Jacksonville Jaguars 2012 NFL Draft Review

Justin Blackmon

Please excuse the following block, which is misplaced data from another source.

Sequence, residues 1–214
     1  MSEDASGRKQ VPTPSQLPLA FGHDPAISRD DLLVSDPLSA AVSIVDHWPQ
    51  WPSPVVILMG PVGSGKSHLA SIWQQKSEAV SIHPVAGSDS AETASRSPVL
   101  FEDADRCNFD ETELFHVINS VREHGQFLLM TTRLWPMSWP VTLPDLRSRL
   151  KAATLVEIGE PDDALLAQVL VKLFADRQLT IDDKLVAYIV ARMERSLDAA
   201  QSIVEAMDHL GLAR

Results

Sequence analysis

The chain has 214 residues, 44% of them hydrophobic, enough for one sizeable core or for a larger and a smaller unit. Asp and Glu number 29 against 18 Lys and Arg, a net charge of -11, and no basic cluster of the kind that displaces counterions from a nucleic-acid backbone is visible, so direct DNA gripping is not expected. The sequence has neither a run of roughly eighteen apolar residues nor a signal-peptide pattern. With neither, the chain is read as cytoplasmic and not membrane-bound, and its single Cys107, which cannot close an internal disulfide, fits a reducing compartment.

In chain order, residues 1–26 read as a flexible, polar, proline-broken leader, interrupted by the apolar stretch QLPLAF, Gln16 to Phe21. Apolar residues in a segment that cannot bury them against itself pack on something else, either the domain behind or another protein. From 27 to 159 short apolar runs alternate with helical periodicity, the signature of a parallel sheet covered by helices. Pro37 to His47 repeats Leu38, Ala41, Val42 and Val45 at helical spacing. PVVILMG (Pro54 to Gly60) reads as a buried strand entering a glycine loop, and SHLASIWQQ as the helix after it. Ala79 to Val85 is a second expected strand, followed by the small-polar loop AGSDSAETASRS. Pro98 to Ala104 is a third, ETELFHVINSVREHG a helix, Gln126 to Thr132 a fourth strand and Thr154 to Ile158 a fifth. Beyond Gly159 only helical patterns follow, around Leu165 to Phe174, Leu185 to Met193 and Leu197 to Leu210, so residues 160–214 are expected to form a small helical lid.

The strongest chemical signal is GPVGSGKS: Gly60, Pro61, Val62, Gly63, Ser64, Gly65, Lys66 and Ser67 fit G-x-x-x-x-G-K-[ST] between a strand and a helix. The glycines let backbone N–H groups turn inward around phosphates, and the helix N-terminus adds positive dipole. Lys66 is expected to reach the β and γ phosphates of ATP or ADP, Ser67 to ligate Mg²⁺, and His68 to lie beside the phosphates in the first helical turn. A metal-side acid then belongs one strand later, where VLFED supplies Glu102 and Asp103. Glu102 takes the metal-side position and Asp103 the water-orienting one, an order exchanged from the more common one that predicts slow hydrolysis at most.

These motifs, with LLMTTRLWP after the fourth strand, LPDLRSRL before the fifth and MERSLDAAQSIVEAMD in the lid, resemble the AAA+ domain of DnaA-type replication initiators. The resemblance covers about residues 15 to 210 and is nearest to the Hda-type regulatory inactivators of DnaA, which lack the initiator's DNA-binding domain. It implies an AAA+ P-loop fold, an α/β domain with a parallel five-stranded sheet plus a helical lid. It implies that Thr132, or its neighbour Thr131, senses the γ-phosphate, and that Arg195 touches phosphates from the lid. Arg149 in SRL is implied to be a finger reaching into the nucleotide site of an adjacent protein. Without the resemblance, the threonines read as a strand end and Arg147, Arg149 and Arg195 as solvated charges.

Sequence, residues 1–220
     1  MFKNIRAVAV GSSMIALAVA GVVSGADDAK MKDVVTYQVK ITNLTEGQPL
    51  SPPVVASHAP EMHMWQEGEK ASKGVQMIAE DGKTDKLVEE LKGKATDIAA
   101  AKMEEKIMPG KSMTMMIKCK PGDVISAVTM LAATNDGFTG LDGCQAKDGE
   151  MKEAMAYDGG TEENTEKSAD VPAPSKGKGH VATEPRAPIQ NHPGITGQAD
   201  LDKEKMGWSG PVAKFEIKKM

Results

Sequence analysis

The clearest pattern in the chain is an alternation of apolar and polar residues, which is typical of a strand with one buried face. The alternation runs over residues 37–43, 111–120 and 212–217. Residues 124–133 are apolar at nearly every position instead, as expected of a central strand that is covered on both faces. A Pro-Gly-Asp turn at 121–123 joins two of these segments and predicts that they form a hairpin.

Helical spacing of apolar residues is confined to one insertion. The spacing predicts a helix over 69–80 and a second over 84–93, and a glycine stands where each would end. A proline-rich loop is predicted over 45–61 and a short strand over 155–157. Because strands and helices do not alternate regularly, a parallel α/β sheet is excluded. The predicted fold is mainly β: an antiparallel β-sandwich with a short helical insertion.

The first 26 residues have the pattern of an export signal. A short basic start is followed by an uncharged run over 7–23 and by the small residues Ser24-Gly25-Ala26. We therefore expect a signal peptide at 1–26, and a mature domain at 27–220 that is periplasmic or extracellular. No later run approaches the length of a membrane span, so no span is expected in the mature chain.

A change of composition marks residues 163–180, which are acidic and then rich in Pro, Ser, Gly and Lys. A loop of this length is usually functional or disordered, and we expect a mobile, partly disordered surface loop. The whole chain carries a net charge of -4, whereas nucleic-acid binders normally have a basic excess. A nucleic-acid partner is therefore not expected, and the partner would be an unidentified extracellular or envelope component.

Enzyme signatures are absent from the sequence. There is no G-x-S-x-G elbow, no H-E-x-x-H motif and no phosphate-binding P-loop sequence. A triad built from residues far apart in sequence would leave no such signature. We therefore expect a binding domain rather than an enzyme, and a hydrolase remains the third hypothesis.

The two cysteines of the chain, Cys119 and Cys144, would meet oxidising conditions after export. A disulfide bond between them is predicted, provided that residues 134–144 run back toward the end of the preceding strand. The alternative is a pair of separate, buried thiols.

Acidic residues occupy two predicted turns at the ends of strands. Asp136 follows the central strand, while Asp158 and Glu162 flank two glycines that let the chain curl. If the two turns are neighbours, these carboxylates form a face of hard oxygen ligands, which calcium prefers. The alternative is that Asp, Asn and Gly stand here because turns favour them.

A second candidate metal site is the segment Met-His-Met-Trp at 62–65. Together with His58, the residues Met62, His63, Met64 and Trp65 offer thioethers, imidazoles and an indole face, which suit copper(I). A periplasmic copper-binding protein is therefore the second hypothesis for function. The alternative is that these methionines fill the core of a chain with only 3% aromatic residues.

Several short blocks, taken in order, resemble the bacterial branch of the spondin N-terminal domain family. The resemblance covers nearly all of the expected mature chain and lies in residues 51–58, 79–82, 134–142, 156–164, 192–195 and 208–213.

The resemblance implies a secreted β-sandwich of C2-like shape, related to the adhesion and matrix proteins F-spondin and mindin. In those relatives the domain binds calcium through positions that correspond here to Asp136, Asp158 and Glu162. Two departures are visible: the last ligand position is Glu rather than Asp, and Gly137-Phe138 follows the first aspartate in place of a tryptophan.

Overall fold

The Jaguars took some heat from non-football people about the selection of Bryan Anger at pick 70 in the third round. If writers and fans do their due diligence, there are several games in NFL history where the punting game was key to victory or key to a loss if a team had a subpar punter. One that comes to mind was the December 16, 2007 game between the undefeated Patriots and Jets. Punts accounted for three scores, or 21 out of the 30 points scored in the game. The Patriots won the punting game two touchdowns to one and clinched the number one seed in the AFC, then went on to the Super Bowl. Football is a field position game. Anger put 90 kicks inside the opponents’ 20-yard line during his career. In the East/West Game he averaged 60 yards per punt with hang times hovering around an incredible five seconds. Special teams are, after all, one-third of the game. General Manager Gene Smith traded up to the fifth spot to draft wide receiver Justin Blackmon. The Oklahoma State standout brings a skill set to the Jaguars that they haven’t seen since the days of Jimmy Smith. Blackmon was arrested for a DUI incident between rookie mini-camp and OTAs. At press time a contrite Blackmon assured the Jaguars’ organization that it was a terrible lapse in judgment and will not happen again. Blackmon has been impressive in OTAs with his route running, work ethic, and hands. A physical intermediate to deep receiver, he was ultra productive in college. Highly competitive and aggressive, Blackmon demonstrates the ability and desire to reach, extend, and lay out for a bad pass. A natural catcher with good ball skills, he snatched 232 passes over the past two years. He is not afraid to block safeties. Andre Branch was drafted to play opposite Jeremy Mincy and bring pressure on opposing quarterbacks. In 2011 he recorded 10.5 sacks. He shows good use of hands, long arms, and leverage at the point of attack. He has a jackrabbit start off on the snap, is disruptive in his play and will fill a major need on defense. Tough to block one-on-one, he plays well in space. A speed rusher, he has a high motor. Bryan Anger introduced his howitzer type leg in mini-camp and was as solid and consistent as advertised. He averaged over five seconds of hang time in rookie mini-camp and has the ability to change field position with his strong leg. Brandon Marshall adds depth to the linebacker corps and projects to become a core special teams’ coverage player. He possesses top level instincts and plays hard with hustle and effort. He has the ability and agility to play in space. Marshall has solid tackling skills and consistently tracks backs and works to wrap tackle. He takes good pursuit angles and is a competitor who works to finish a play. Mike Harris is an underrated competitive and athletic corner with good feet and loose hips. A nickle sub package corner, he can track and trail slot receivers. He is a good open field wrap tackler. He plays the ball in the air and has a closing burst on the ball. With his good hands and ball skills he has the talent to upgrade a current backup and contribute on special teams’ coverage. Jeris Pendleton is an average defensive tackle at 28 years of age. A junior college transfer, he played against a lower level of competition and will most likely be a practice squad player. GRADE: AVERAGE.

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